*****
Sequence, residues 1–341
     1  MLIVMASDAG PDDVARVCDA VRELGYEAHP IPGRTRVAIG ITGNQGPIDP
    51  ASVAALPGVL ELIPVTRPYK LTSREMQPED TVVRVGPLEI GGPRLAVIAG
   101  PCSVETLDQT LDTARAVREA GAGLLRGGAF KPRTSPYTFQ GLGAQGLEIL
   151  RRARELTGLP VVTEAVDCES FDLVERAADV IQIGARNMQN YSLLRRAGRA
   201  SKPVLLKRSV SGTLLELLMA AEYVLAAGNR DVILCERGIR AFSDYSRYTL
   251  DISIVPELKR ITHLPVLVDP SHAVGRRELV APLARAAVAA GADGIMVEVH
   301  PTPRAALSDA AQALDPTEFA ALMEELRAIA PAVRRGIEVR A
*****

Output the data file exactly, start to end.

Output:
Sequence, residues 1–341
     1  MLIVMASDAG PDDVARVCDA VRELGYEAHP IPGRTRVAIG ITGNQGPIDP
    51  ASVAALPGVL ELIPVTRPYK LTSREMQPED TVVRVGPLEI GGPRLAVIAG
   101  PCSVETLDQT LDTARAVREA GAGLLRGGAF KPRTSPYTFQ GLGAQGLEIL
   151  RRARELTGLP VVTEAVDCES FDLVERAADV IQIGARNMQN YSLLRRAGRA
   201  SKPVLLKRSV SGTLLELLMA AEYVLAAGNR DVILCERGIR AFSDYSRYTL
   251  DISIVPELKR ITHLPVLVDP SHAVGRRELV APLARAAVAA GADGIMVEVH
   301  PTPRAALSDA AQALDPTEFA ALMEELRAIA PAVRRGIEVR A